For calibrating the Basler blaze sensor, the color camera should be focussed to close distance so that the calibration grid can be detected when it almost fills the image. The camera can be refocussed to working distance after calibration if necessary.
Furthermore, the exposure time of the blaze Time-of-Flight camera should be reduced to a minimum. Otherwise, the calibration grid cannot be detected due to over exposure.
In the next step, the current calibration can be verified. To perform the verification, the grid must be held such that it is simultaneously visible in both cameras. When the grid is detected, the calibration error is automatically computed and the result is displayed on the screen.
To compute a meaningful calibration error, the grid should be held as close as possible to the cameras. If the grid only covers a small section of the camera images, the calibration error will always be less than when the grid covers the full image. For this reason, the minimal and maximal calibration error during verification are shown in addition to the calibration error at the current grid position.
The typical calibration error is below 0.2 pixels. If the error is in this range, then the calibration procedure can be skipped. If the calibration error is greater, the calibration procedure should be performed to guarantee full sensor performance. The button Next starts the procedure.
A large error during verification can be due to miscalibrated cameras, an inaccurate calibration grid, or wrong grid width or height. In case you use a custom calibration grid, please make sure that the grid is accurate and the entered grid width and height are correct. Otherwise, manual calibration will actually decalibrate the cameras!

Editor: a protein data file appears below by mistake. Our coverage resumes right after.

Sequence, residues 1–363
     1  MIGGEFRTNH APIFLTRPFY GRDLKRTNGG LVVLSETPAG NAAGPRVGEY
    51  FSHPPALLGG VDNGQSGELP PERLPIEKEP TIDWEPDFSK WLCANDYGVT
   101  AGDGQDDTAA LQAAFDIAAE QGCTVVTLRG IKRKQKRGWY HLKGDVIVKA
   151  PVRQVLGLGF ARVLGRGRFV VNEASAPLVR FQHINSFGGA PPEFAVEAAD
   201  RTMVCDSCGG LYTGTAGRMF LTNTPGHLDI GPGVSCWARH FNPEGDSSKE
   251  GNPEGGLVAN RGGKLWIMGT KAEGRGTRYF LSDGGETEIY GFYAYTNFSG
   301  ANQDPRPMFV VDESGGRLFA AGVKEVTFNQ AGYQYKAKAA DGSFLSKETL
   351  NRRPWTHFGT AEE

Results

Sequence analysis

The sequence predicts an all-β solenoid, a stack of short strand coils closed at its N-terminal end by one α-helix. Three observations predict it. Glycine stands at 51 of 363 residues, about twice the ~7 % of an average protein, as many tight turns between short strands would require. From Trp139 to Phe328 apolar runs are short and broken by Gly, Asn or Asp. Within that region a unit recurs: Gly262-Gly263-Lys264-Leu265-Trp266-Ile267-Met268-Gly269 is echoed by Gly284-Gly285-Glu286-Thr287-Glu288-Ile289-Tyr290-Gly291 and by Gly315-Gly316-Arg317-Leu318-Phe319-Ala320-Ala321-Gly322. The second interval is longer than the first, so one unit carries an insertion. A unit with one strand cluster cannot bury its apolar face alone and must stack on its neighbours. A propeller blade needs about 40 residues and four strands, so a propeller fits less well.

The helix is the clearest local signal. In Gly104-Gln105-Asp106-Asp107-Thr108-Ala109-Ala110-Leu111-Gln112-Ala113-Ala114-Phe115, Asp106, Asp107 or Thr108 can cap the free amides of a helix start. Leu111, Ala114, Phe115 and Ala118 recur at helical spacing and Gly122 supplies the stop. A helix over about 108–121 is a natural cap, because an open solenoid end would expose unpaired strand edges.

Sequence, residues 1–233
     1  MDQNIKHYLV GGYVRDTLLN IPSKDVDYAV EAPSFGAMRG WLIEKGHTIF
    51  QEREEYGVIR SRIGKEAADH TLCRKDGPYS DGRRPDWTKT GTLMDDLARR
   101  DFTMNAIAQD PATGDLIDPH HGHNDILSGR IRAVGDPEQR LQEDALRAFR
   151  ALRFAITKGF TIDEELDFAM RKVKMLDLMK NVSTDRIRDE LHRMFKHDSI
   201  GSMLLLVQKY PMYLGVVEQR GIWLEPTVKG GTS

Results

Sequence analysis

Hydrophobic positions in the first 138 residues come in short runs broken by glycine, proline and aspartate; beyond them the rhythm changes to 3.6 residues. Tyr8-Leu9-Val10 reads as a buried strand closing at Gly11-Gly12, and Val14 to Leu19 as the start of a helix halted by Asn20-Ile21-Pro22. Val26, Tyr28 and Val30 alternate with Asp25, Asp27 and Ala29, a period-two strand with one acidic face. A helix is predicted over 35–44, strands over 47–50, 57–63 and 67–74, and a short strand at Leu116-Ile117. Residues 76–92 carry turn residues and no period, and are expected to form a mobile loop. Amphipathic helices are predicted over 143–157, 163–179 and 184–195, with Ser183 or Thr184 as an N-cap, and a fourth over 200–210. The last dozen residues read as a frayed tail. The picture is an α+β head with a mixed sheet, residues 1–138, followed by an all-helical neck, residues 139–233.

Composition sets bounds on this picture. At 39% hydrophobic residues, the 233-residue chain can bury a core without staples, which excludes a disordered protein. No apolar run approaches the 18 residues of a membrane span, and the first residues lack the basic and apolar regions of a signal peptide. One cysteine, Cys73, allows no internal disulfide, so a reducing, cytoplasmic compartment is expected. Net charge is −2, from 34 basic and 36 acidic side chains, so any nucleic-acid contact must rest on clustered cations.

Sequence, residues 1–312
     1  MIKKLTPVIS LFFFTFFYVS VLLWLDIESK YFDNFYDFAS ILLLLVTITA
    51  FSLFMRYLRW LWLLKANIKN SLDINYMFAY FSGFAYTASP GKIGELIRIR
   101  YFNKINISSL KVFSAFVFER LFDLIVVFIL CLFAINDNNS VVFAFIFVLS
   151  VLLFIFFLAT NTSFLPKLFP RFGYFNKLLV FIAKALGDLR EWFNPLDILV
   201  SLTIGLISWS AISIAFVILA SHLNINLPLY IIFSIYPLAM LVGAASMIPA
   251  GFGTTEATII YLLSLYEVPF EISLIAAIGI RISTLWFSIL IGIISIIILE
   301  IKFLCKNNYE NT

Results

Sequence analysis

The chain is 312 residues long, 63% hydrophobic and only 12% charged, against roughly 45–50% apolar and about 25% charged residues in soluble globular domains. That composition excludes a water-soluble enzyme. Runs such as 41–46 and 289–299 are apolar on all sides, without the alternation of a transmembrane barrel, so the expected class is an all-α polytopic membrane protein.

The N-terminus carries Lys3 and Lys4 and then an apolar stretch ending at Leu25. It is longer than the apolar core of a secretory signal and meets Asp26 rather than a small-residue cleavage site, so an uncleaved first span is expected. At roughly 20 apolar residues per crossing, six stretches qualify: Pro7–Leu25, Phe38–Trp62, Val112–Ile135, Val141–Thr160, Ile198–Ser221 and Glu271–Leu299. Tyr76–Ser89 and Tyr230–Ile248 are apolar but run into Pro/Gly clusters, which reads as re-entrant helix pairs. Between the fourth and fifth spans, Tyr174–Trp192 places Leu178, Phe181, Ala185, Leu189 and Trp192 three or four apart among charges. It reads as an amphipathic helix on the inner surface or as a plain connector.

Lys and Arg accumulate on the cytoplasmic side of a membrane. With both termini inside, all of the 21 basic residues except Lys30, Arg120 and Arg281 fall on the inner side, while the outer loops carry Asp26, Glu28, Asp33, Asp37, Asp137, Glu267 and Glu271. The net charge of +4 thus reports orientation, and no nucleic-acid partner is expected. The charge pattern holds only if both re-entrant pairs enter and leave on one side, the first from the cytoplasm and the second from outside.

The camera’s exposure time should be set appropriately before starting the calibration. To achieve good calibration results, the images should be well-exposed and motion blur should be avoided. Thus, the maximum auto-exposure time should be as short as possible, but still allow a good exposure. The current exposure time is displayed below the camera images as shown in Fig. 39.
Full calibration consists of calibrating each camera individually (monocalibration) and then performing a stereo calibration to determine the relationship between them. In most cases, the intrinsic calibration of each camera does not get corrupted. For this reason, monocalibration is skipped by default during a recalibration, but can be performed by clicking Perform Monocalibration in the Calibrate tab. This should only be done if the result of the stereo calibration is not satisfactory.